New org combats inaccessibility throughout campus

Image courtesy of Ariana Boswell via ACCESS.

In an effort to streamline accessibility to on-campus accommodations, students have banded together to create ACCESS, Vassar’s new disability club, where they hope to foster universal solutions for problems that both disabled and nondisabled people face in everyday life, according to Co-President Shira Freilich ’25. 

According to Ariana Boswell ’25, Secretary for ACCESS, “The main goal of ACCESS is to create a community where Vassar students can come together to share their unique experiences surrounding disability and accessibility, as well as to advocate for change at Vassar and beyond.”

Freilich wrote in a correspondence, “We hope to engage with different departments at Vassar including administration, the CCE (formerly CDO), AEO, dining services, and many more. We will also be hosting guest speakers in the future, some of whom are Vassar alumni, to share their stories and offer advice.”

The first major event will feature a Q&A session with guest speakers Odile Carroll ’15 and Ayesha Krishnan Hamilton in collaboration with the CCE on Feb. 4 at 3 p.m. in Rocky 300. “We hope to hold many similar events throughout the semester,” said Boswell. “During our first meeting, we created a list of on-campus changes students would like to see, including making the buildings more accessible and improving disability education among staff.” Freilich added, “It is about accommodations in the workforce and we will have two speakers discuss this issue: one is an employment lawyer and the other is a disability studies PhD student.”

In addition to future guest speakers and administrative engagement, ACCESS aims to address the history of inadequate access to accommodations. In a written correspondence, Co-Vice President and Treasurer Sneha Das ’25 said, “Growing up, I never had a place to openly talk about my disability and therefore I couldn’t even get tested until I got to college.” She added, “Even though we have only had one meeting, just being able to talk to people with similar experiences created a sense of community for me and made me feel like I found my place.”

Das noted, “My hope is that this club can be a safe space for students with disabilities and that we are able to create a space where we can celebrate disability.”

Boswell added that many of the founding members of ACCESS have had negative experiences in the past while trying to obtain the accommodations they require. She said, “Having this organization is so important because it provides us with a space where we can feel comfortable advocating for ourselves. These issues aren’t isolated to any single place or time, which is why we plan to eventually expand our efforts beyond Vassar to remove the barriers that disabled people are unjustly forced to face in our society.”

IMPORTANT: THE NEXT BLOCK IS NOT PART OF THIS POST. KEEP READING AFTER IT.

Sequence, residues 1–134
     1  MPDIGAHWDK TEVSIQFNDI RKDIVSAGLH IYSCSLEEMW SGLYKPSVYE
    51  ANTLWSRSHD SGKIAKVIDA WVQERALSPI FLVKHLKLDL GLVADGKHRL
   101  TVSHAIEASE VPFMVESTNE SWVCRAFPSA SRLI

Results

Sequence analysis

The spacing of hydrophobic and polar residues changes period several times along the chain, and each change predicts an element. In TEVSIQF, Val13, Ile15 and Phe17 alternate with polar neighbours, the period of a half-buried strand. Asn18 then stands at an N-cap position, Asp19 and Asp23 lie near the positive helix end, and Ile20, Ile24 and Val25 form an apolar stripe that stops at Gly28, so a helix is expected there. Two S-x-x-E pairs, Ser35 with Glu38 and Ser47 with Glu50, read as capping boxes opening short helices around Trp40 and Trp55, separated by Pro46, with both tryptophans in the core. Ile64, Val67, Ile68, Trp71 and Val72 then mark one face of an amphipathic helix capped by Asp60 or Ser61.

Freilich, too, shared negative experiences trying to access accommodations at Vassar and in the past. “I struggled to get any accommodations in high school despite having difficulty completing my work and managing my anxiety. When I got to Vassar, I was so happy to have the AEO but it was super intimidating to approach them. I think I cried the first time I talked to them because I was so intimidated. I want students to feel more confident when advocating for themselves and their needs. I don’t want other students to access accommodations like I did in high school.”

According to Freilich, “The AEO is amazing but it is quite limited in what it can accomplish due to its small size and lack of student involvement. We would like to fill in the gaps by creating spaces where disabled people feel like they can fit in and don’t have to hide their disability.”

Freilich said she noticed how inaccessible Vassar was when she entered as a first-year, and she hopes ACCESS can help minimize the accessibility inequalities faced by so many students. “I felt so alone when I entered college. I didn’t know how many people at Vassar shared similar experiences and it would have been so helpful to have an org like this as a freshman.” She added, “Some Professors also really have no idea what it means to be disabled and they need a lot of education.”

She added, “Accessibility and disability as an identity are two relatively new concepts that the general population really don’t understand yet. In other words, the issues at Vassar are not isolated to this campus but are issues faced by us everywhere.”

For the upcoming semester, Freilich said ACCESS is just getting started on its agenda. “We have a lot of big goals that will most likely take years to implement,” she said. “For this semester, we would like to improve the freshman [first year] orientation for the Fall of 2023 for those students with a disability. We would like to create mandatory training for Professors on disabled students’ needs and accommodations.”

Das emphasized the journey towards the goals that ACCESS aspires to achieve. She said, “My hope is that this club can be a safe space for students with disabilities and that we are able to create a space where we can celebrate disability,” adding, “Having a place where I can not only accept my disability, but rather celebrate it, has been a very special experience and I hope that other students can have that too.  “

Boswell ensured, “Anyone is welcome (and encouraged!) to join ACCESS, regardless of disability status. We simply ask that you come with an open mind and a willingness to help us achieve our goals. Our members will sometimes share stories that are very personal to them, so respect and trust are also essential.”

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